TOWNSEND v. C.C.C.F., No. 1:2016cv07215 - Document 3 (D.N.J. 2017)

Court Description: OPINION. Signed by Judge Jerome B. Simandle on 8/22/17. (jbk, )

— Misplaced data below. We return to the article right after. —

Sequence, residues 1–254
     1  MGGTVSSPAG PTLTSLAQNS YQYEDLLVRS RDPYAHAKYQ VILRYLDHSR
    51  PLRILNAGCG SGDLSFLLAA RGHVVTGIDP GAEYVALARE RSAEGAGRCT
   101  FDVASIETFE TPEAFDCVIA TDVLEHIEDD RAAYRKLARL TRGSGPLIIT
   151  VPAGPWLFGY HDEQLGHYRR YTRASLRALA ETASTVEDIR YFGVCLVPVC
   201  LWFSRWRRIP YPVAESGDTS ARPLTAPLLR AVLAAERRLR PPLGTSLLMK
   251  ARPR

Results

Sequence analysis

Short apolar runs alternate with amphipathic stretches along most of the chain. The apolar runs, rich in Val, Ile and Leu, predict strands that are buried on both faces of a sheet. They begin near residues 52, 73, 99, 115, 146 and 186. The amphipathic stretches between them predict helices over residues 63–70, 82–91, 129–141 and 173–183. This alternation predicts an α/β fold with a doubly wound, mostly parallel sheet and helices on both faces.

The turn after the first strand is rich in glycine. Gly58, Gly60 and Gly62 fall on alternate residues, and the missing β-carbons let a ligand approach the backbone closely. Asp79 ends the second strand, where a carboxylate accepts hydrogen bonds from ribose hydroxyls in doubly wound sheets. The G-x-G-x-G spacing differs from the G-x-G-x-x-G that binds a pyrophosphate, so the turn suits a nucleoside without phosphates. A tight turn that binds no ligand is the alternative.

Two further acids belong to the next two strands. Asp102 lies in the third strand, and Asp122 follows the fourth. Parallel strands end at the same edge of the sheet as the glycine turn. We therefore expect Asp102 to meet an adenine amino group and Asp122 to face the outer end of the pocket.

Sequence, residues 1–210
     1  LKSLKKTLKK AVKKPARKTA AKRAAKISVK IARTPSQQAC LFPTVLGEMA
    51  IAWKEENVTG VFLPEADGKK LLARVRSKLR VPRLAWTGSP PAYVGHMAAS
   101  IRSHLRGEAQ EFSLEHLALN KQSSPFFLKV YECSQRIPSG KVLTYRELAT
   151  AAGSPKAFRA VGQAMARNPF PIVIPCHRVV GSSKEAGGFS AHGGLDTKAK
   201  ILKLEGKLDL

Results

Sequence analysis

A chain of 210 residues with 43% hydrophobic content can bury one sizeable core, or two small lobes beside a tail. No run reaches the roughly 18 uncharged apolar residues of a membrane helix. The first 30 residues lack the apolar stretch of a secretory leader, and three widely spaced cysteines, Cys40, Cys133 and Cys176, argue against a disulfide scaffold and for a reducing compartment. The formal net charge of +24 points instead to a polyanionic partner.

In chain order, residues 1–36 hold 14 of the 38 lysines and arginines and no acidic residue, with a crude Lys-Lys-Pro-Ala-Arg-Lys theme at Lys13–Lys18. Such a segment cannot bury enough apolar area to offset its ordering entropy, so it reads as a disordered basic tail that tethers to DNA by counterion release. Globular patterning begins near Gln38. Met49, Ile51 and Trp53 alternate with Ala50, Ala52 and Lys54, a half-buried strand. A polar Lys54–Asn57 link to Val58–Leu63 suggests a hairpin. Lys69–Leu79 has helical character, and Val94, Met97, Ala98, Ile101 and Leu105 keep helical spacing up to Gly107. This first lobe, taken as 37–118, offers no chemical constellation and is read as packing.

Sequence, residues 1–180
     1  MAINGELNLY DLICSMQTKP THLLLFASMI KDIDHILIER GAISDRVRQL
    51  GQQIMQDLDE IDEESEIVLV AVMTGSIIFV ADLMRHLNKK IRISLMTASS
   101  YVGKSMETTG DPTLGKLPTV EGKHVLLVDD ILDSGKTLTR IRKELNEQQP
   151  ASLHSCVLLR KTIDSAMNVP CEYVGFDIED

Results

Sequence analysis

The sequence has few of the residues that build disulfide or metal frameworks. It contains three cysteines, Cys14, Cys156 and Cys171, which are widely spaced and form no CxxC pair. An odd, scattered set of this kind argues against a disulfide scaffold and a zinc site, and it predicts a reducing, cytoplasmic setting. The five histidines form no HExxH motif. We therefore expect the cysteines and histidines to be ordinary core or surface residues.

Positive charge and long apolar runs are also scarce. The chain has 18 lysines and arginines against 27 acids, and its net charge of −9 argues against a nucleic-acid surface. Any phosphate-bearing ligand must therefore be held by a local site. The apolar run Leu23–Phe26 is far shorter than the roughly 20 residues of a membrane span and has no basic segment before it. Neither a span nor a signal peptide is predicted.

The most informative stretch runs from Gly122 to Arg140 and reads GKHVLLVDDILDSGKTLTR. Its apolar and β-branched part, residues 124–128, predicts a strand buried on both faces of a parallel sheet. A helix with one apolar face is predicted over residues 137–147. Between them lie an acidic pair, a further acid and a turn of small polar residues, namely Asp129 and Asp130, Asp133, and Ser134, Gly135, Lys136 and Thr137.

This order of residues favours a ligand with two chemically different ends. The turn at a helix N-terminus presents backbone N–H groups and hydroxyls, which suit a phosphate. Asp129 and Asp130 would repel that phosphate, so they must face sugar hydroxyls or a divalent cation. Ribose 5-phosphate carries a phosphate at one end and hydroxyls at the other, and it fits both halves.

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TOWNSEND v. C.C.C.F. Doc. 3 UNITED STATES DISTRICT COURT DISTRICT OF NEW JERSEY TIARA TOWNSEND, HONORABLE JEROME B. SIMANDLE Plaintiff, v. Civil Action No. 16-cv-07215 (JBS-AMD) C.C.C.F., Defendant. OPINION APPEARANCES Tiara Townsend, Plaintiff Pro Se 1051 Atlantic Ave. Camden, NJ 08104 SIMANDLE, District Judge: 1. Plaintiff Tiara Townsend seeks to bring a civil rights complaint pursuant to 42 U.S.C. § 1983 against the C.C.C.F. for allegedly unconstitutional conditions of confinement. Complaint, Docket Entry 1. 2. 28 U.S.C. § 1915(e)(2) requires courts to review complaints prior to service in cases in which a plaintiff is proceeding in forma pauperis. Courts must sua sponte dismiss any claim that is frivolous, is malicious, fails to state a claim upon which relief may be granted, or seeks monetary relief from a defendant who is immune from such relief. This action is subject to sua sponte screening for dismissal under 28 U.S.C. § 1915(e)(2)(B) because Plaintiff is proceeding in forma pauperis. Dockets.Justia.com 3. For the reasons set forth below, the Court will: (1) dismiss the Complaint with prejudice as to claims made against CCCF; and (2) dismiss the Complaint without prejudice for failure to state a claim. 28 U.S.C. § 1915(e)(2)(b)(ii). Claims Against CCCF: Dismissed With Prejudice 4. Plaintiff brings this action pursuant to 42 U.S.C. § 19831 for alleged violations of Plaintiff’s constitutional rights. In order to set forth a prima facie case under § 1983, a plaintiff must show: “(1) a person deprived him of a federal right; and (2) the person who deprived him of that right acted under color of state or territorial law.” Groman v. Twp. of Manalapan, 47 F.3d 628, 633 (3d Cir. 1995) (citing Gomez v. Toledo, 446 U.S. 635, 640 (1980)). 5. Generally, for purposes of actions under § 1983, “[t]he term ‘persons’ includes local and state officers acting under color of state law.” Carver v. Foerster, 102 F.3d 96, 99 (3d Cir. 1996) (citing Hafer v. Melo, 502 U.S. 21 (1991)).2 To 1 Section 1983 provides: “Every person who, under color of any statute, ordinance, regulation, custom, or usage, of any State . . . subjects, or causes to be subjected, any citizen of the United States or other person within the jurisdiction thereof to the deprivation of any rights, privileges, or immunities secured by the Constitution and laws, shall be liable to the party injured in an action at law, suit in equity, or other proper proceeding for redress . . . .” 42 U.S.C. § 1983. 2 “Person” is not strictly limited to individuals who are state and local government employees, however. For example, municipalities and other local government units, such as counties, also are considered “persons” for purposes of § 1983. 2 say that a person was “acting under color of state law” means that the defendant in a § 1983 action “exercised power [that the defendant] possessed by virtue of state law and made possible only because the wrongdoer [was] clothed with the authority of state law.” West v. Atkins, 487 U.S. 42, 49 (1988) (citation omitted). Generally, then, “a public employee acts under color of state law while acting in his official capacity or while exercising his responsibilities pursuant to state law.” Id. at 50. 6. Because the Complaint has not sufficiently alleged that a “person” deprived Plaintiff of a federal right, the Complaint does not meet the standards necessary to set forth a prima facie case under § 1983. In the Complaint, Plaintiff seeks monetary damages from CCCF for allegedly unconstitutional conditions of confinement. The CCCF, however, is not a “person” within the meaning of § 1983; therefore, the claims against it must be dismissed with prejudice. See Crawford v. McMillian, 660 F. App’x 113, 116 (3d Cir. 2016) (“[T]he prison is not an entity subject to suit under 42 U.S.C. § 1983.”) (citing Fischer v. Cahill, 474 F.2d 991, 992 (3d Cir. 1973)); Grabow v. Southern State Corr. Facility, 726 F. Supp. 537, 538–39 (D.N.J. 1989) (correctional facility is not a “person” under § 1983). Given See Monell v. N.Y.C. Dep't of Social Services, 436 U.S. 658, 690-91 (1978). 3 that the claims against the CCCF must be dismissed with prejudice, the claims may not proceed and Plaintiff may not name the CCCF as a defendant. 7. Plaintiff may be able to amend the Complaint to name a person or persons who were personally involved in the alleged unconstitutional conditions of confinement, however. To that end, the Court shall grant Plaintiff leave to amend the Complaint within 30 days of the date of this order. Conditions Of Confinement Claims: Dismissed Without Prejudice 8. Second, for the reasons set forth below, the Court will dismiss the Complaint without prejudice for failure to state a claim. 28 U.S.C. § 1915(e)(2)(b)(ii). 9. The present Complaint does not allege sufficient facts to support a reasonable inference that a constitutional violation has occurred in order to survive this Court’s review under § 1915. Even accepting the statements in Plaintiff’s Complaint as true for screening purposes only, there is not enough factual support for the Court to infer a constitutional violation has occurred. 10. To survive sua sponte screening for failure to state a claim3, the Complaint must allege “sufficient factual matter” to 3 “The legal standard for dismissing a complaint for failure to state a claim pursuant to 28 U.S.C. § 1915(e)(2)(B)(ii) is the same as that for dismissing a complaint pursuant to Federal Rule 4 show that the claim is facially plausible. Fowler v. UPMS Shadyside, 578 F.3d 203, 210 (3d Cir. 2009) (citation omitted). “A claim has facial plausibility when the plaintiff pleads factual content that allows the court to draw the reasonable inference that the defendant is liable for the misconduct alleged.” Fair Wind Sailing, Inc. v. Dempster, 764 F.3d 303, 308 n.3 (3d Cir. 2014). “[A] pleading that offers ‘labels or conclusions’ or ‘a formulaic recitation of the elements of a cause of action will not do.’” Ashcroft v. Iqbal, 556 U.S. 662, 678 (2009) (quoting Bell Atlantic Corp. v. Twombly, 550 U.S. 544, 555 (2007)). Moreover, while pro se pleadings are liberally construed, “pro se litigants still must allege sufficient facts in their complaints to support a claim.” Mala v. Crown Bay Marina, Inc., 704 F.3d 239, 245 (3d Cir. 2013) (citation omitted) (emphasis added). 11. A complaint must plead sufficient facts to support a reasonable inference that a constitutional violation has occurred in order to survive this Court’s review under § 1915. of Civil Procedure 12(b)(6).” Samuels v. Health Dep’t, No. 161289, 2017 WL 26884, slip op. at *2 (D.N.J. Jan. 3, 2017) (citing Schreane v. Seana, 506 F. App’x 120, 122 (3d Cir. 2012)); Allah v. Seiverling, 229 F.3d 220, 223 (3d Cir. 2000)); Mitchell v. Beard, 492 F. App’x 230, 232 (3d Cir. 2012) (discussing 28 U.S.C. § 1997e(c)(1)); Courteau v. United States, 287 F. App’x 159, 162 (3d Cir. 2008) (discussing 28 U.S.C. § 1915A(b)). 5 12. However, with respect to the alleged facts giving rise to Plaintiff’s claims, the present Complaint states in its entirety: “I was in the cell with 6 other females, I was on the floor for 9 days in 7 day lock up. I was violated and getting beat up in the cell and at my request I asked to be moved to another cell because of the problem that was going on in there and when brought it up to the COs attention they brushed it off and ignored me. Since then I been traumatized.” Complaint § III(C). 13. Plaintiff does not specify the date(s) or time(s) that these events occurred. Id. § III(B) (blank). 14. Plaintiff alleges that in regards to injuries sustain related to these events “I wasn’t be treated at all from the County Jail. I been traumatized since being there.” Id. § III(C), § IV. 15. With respect to requested relief, Plaintiff seeks “$5,000 or better for my compensation.” Id. § V. 16. Even construing the Complaint as seeking to bring a civil rights complaint pursuant to 42 U.S.C. § 1983 for alleged prison overcrowding, any such purported claims must be dismissed because the Complaint does not set forth sufficient factual support for the Court to infer that a constitutional violation has occurred. 6 17. The mere fact that an individual is lodged temporarily in a cell with more persons than its intended design does not rise to the level of a constitutional violation. See Rhodes v. Chapman, 452 U.S. 337, 348–50 (1981) (holding double-celling by itself did not violate Eighth Amendment); Carson v. Mulvihill, 488 F. App'x 554, 560 (3d Cir. 2012) (“[M]ere double-bunking does not constitute punishment, because there is no ‘one man, one cell principle lurking in the Due Process Clause of the Fifth Amendment.’” (quoting Bell v. Wolfish, 441 U.S. 520, 542 (1979))). More is needed to demonstrate that such crowded conditions, for a pretrial detainee, shocks the conscience and thus violates due process rights. See Hubbard v. Taylor, 538 F.3d 229, 233 (3d Cir. 2008) (noting due process analysis requires courts to consider whether the totality of the conditions “cause[s] inmates to endure such genuine privations and hardship over an extended period of time, that the adverse conditions become excessive in relation to the purposes assigned to them.”). Some relevant factors are the length of the confinement(s), whether plaintiff was a pretrial detainee or convicted prisoner, any specific individuals who were involved in creating or failing to remedy the conditions of confinement, any other relevant facts regarding the conditions of confinement, etc. 7 18. Further, this Court construes Plaintiff’s contentions regarding being “getting beat up in the cell” and requesting to be moved, as a claim of failure to protect. 19. In order to state a claim for failure to protect (whether under the Fourteenth Amendment that applies to pretrial detainees (such as Plaintiff here) and convicted but-notyet sentenced inmates, or the Eighth Amendment that applies to sentenced prisoners), a plaintiff must plead facts showing that: “(1) he was incarcerated under conditions posing a substantial risk of serious harm, (2) the [defendant] was deliberately indifferent to that substantial risk to his health and safety, and (3) the [defendant’s] deliberate indifference caused him harm.” Bistrian v. Levi, 696 F.3d 352, 366-67 (3d Cir. 2012). “‘Deliberate indifference’ in this context is a subjective standard: the prison official-defendant must actually have known or been aware of the excessive risk to inmate safety.” Id. at 367 (citing Beers-Capitol v. Whetzel, 256 F.3d 120, 125 (3d Cir. 2001)). “It is not sufficient that the official should have known of the risk.” Bistrian, 696 F.3d at 367 (citing BeersCapitol, 256 F.3d at 133 (citing Farmer v. Brennan, 511 U.S. 825, 837-38 (1994)). 20. Plaintiff’s cursory allegation is insufficient to demonstrate that “she was incarcerated under conditions posing a substantial risk of serious harm.” Bistrian, 696 F.3d at 367. 8 21. Moreover, although Plaintiff alleges that “COs brushed it off and ignored [her] (Complaint § III)”, such allegations of negligence are insufficient to establish deliberate indifference. Burton v. Kindle, 401 F. App’x 635, 637 (3d Cir. 2010) (“It is well established that merely negligent misconduct will not give rise to a claim under § 1983; the defendant must act with a higher degree of intent”) (citing County of Sacramento v. Lewis, 523 U.S. 833, 834 (1998)) (“[L]iability for negligently inflicted harm is categorically beneath the threshold of constitutional due process”)). “[N]egligent conduct is never egregious enough to shock the conscience.” A.M. ex rel. J.M.K. v. Luzerne Cnty. Juvenile Detention Ctr., 372 F.3d 572, 579 (3d Cir. 2004). In other words, mere negligence or inattention by a corrections officer in failing to protect a pretrial detainee from violence at the hands of another inmate is not enough to rise to the level of a constitutional violation under the Fourteenth Amendment. Defendants “must actually have been aware of the existence of the excessive risk; it is not sufficient that [Defendants] should have been aware.” BeersCapitol, 256 F.3d at 133 (citing Farmer, 511 U.S. at 837-38). 22. Plaintiff does not connect any particular correctional officers in any way to the facts of the alleged incidents. In short, Plaintiff’s Complaint fails to state a claim upon which relief can be granted. 9 23. Plaintiff may be able to amend the Complaint to particularly identify adverse conditions that were caused by specific state actors, that caused Plaintiff to endure genuine privations and hardship over an extended period of time, and that were excessive in relation to their purposes. To that end, the Court shall grant Plaintiff leave to amend the Complaint within 30 days of the date of this order.4 24. Plaintiff is further advised that any amended complaint must plead specific facts regarding the conditions of confinement. In the event Plaintiff files an amended complaint, Plaintiff must plead sufficient facts to support a reasonable inference that a constitutional violation has occurred in order to survive this Court’s review under § 1915.5 4 The amended complaint shall be subject to screening prior to service. 5 To the extent the Complaint seeks relief for conditions Plaintiff encountered prior to October 13, 2014, those claims are barred by the statute of limitations. Claims brought under § 1983 are governed by New Jersey's two-year limitations period for personal injury. See Wilson v. Garcia, 471 U.S. 261, 276 (1985); Dique v. N.J. State Police, 603 F.3d 181, 185 (3d Cir. 2010). “Under federal law, a cause of action accrues when the plaintiff knew or should have known of the injury upon which the action is based.” Montanez v. Sec'y Pa. Dep't of Corr., 773 F.3d 472, 480 (3d Cir. 2014). The allegedly unconstitutional conditions of confinement would have been immediately apparent to Plaintiff; therefore, the statute of limitations on some of Plaintiff’s claims expired two years after release from incarceration. In the event Plaintiff elects to file an amended complaint, it should be limited to confinements in which Plaintiff was released after October 13, 2014. 10 25. Plaintiff should note that when an amended complaint is filed, the original complaint no longer performs any function in the case and cannot be utilized to cure defects in the amended complaint, unless the relevant portion is specifically incorporated in the new complaint. 6 Wright, Miller & Kane, Federal Practice and Procedure 1476 (2d ed. 1990) (footnotes omitted). An amended complaint may adopt some or all of the allegations in the original complaint, but the identification of the particular allegations to be adopted must be clear and explicit. Id. To avoid confusion, the safer course is to file an amended complaint that is complete in itself. Id. The amended complaint may not adopt or repeat claims that have been dismissed with prejudice by the Court. 26. For the reasons stated above, the Complaint is: (a) dismissed with prejudice as to the CCCF; and (b) dismissed without prejudice for failure to state a claim. 27. An appropriate order follows. August 22, 2017 Date s/ Jerome B. Simandle JEROME B. SIMANDLE U.S. District Judge 11